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The history of Automobili Lamborghini SpA.
Ferruccio Lamborghini was a self made millionaire, he made a fortune by building
tractors from army surplus left by the Allied Forces back in 1945. He started this
business from a small garage but soon was able to move to larger buildings because
demand for his very powerfull tractors rose.
He also started manufactoring oil burners and airconditioning systems after his
tractor plant started making lots of money, it turned out his second business also
made big money so Ferruccio Lamborghini became one the wealthiest men in Italy.
He could afford just about everything he wanted, including high speed GT cars like
the Mercedes SL300 and Ferrari he owned alongside the Jaguar he liked very much.
But his Ferrari started giving problems with the clutch, the local workshop couldn't fix this
problem so Ferruccio decided to drive to Modena and confront Enzo Ferrari himself.
But Enzo, who was known for his arrogance, told this 'farmer' to take a walk, Ferruccio
was furious and at that moment decided to show Enzo how he should build GT cars.
Of course this is a legend, and the thruth about it could be a little different, it was
obvious that Ferruccio had lots of money to spare and the GT car market was still open
for new things, money could still be made by building high speed, well finished cars, so
it is more likely this persuaded Lamborghini to start his own company.
Automobili Lamborghini SpA was founded in early 1963, Ferruccio bought a green-field
site of 90,000 square metres near Bologna, in Sant'Agata Bologna and work on his brand new factory started immediately.
The building were erected in only eight months. This was a very modern factory using lots of
open spaces and glass everywhere, but this state of the art building cost money, about
500,000,000 Lire was needed to make Ferruccio's dream come true. The entire factory was
surrounded by a road and in front of the main office building a nice garden was made.
The large glass hall welcomed visitors and Ferruccio's own office was located at the front
of this central building.
But a car factory needs people, so Sig. Ferruccio Lamborghini started looking for the top
men in the business and was able to recruit Giotto Bizzarrini after he'd left Ferrari, to
design and build a V-12 for Lamborghini. The engine was finished soon and was able to pump
out about 400 Bhp at 11,000 rpm, but Ferruccio wanted a GT car and not a race car, so
the engine was detuned to 'only' 280 Bhp at 7,000 rpm. Bizzarrini was made very clearly that
there was no way he could make a race car for Lamborghini so he decided to leave again
very soon after the final tests were completed.
By that time two members were added to the technical team at Sant'Agata, Giampaolo Dallara and
Giampaolo Stanzani joined Ferruccio, and in early 1964 Ubaldo Sgarzi started working for
the new Automobili Lamborghini SpA company. Ubaldo would remain at the firm for many years
to come, and lasted even through the very rough times that were to come in the seventies.
Ferruccio had a fabulous team of engineers surrounding him to make his dreamcar, but a car
has to be road tested so he made an offer to Bob Wallace he couldn't refuse. Bob Wallace became
chief test driver for Lamborghini, he already had an extensive experience with racing both
Ferrari's and Maserati's after he moved to Italy from his origins in New Zealand.
The Lamborghini 350 GTV prototype was shown to the public on the Turin Auto Show of 1963, it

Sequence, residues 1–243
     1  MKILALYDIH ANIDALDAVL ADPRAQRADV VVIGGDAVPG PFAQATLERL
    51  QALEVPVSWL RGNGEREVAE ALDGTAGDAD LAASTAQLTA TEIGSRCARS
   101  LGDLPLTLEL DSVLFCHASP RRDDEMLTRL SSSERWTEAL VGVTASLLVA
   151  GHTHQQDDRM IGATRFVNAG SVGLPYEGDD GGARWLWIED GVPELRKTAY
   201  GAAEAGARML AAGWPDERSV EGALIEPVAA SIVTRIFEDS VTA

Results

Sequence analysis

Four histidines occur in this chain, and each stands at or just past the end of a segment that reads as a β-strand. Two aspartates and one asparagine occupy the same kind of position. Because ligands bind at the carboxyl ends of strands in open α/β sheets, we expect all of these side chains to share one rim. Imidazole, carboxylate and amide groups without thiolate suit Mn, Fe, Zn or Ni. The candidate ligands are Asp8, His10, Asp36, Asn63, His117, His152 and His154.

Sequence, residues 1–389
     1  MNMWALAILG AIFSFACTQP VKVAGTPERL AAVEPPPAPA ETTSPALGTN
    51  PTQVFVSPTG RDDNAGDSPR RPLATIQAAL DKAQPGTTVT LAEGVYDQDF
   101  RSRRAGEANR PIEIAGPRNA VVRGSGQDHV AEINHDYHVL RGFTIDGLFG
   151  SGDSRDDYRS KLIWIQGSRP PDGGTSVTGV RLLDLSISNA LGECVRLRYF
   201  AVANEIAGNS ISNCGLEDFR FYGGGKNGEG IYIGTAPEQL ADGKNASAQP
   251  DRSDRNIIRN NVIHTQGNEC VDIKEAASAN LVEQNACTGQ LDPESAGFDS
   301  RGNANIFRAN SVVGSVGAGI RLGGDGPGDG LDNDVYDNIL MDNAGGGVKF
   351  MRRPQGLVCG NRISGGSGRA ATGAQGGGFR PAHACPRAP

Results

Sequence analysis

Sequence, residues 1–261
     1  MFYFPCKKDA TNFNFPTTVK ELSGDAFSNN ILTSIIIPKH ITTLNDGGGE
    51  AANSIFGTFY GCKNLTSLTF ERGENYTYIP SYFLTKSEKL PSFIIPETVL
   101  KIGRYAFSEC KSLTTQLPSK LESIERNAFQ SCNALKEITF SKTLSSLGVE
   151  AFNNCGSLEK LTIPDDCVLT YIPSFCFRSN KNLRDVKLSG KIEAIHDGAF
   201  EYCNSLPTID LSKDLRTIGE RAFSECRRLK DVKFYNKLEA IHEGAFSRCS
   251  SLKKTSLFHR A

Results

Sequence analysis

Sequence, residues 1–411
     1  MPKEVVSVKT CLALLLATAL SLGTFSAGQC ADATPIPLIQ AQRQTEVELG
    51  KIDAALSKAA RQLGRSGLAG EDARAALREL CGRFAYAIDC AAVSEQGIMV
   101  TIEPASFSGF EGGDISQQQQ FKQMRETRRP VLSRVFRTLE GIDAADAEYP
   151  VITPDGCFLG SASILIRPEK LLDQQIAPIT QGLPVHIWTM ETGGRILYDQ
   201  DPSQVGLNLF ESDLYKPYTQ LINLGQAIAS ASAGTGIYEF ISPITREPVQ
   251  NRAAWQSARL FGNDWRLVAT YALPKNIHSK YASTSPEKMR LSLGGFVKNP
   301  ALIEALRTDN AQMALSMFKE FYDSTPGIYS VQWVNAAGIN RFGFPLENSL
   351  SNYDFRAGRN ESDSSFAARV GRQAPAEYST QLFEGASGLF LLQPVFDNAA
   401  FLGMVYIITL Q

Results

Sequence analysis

was however not built in this new factory, because the tooling equipment wasn't delivered yet,
so Ferruccio decided to finish this car in a closed section of his Tractor plant in Cento di Ferrara.
In 1964 the first 350 GT's were able to be completed in this new plant, Touring supplied the bodywork
the chassis and the engine were mounted together with the leather interior.
The future of Automobili Lamborghini SpA looked very bright during the sixties, the 350 GT
was succeeded by the 400 GT and the 400 GT 2+2, but the best move Ferruccio allowed his
engineers to take was the design and construction of the Lamborghini Miura. The 350 GT and
400 GT 2+2 made the Lamborghini name known troughout the world, but the Miura made it
legendary and the name alone made people dream of supercars and road-ready race cars.
The Countach was shown as the successor of the Miura and together with the Espada, these
two cars kept the company alive through some very troublesome times. With the futuristic
Countach, Lamborghini managed to build an extreme looking car that was usable on the road,
this car made the name Lamborghini enter automotive history. Even if by some strange
way, Automobili Lamborghini SpA was to disappear from the market, the name would stay known
as one of the most extreme Italian carbuilders ever.
The first problems came in 1974, just after the Lamborghini Trattrice received a major setback,
a massive order for tractors was cancelled, and Ferruccio lost a lot of money over it, he
already upgraded the tractor factory to be able to build the numbers required and bought
most of the raw materials needed to do so. His personal fortune was still large, but he
decided to sell this factory to SAME, who eventually was taken over by Fiat years later.
During these early seventies, Automobili Lamborghini Spa had the Miura in production and in 1970
they even built 400 cars, the factory was making money for the first time in ten years, and it was becoming
very attractive to possible buyers, Ferruccio lost interest in the company after his tractor factory got into
trouble and sold a controlling interest of Automobili Lamborghini SpA to Georges-Henri Rossetti, a Swiss industrialist. Ferruccio stated he would still remain at
the factory to run it, but the oil-crisis of 1973 made things even worse for Ferruccio and he
lost interest completely, soon after this he sold his remaining 49% of the shares to Rene Leimer,
also from Switzerland. From this day on, Automobili Lamborghini SpA had nothing to do with
it's founder anymore, fortunately the new owners kept this name, they didn't
get the idea of changing it.
Rossetti and Leimer couldn't get the glorious times back to Lamborghini, even with the Countach,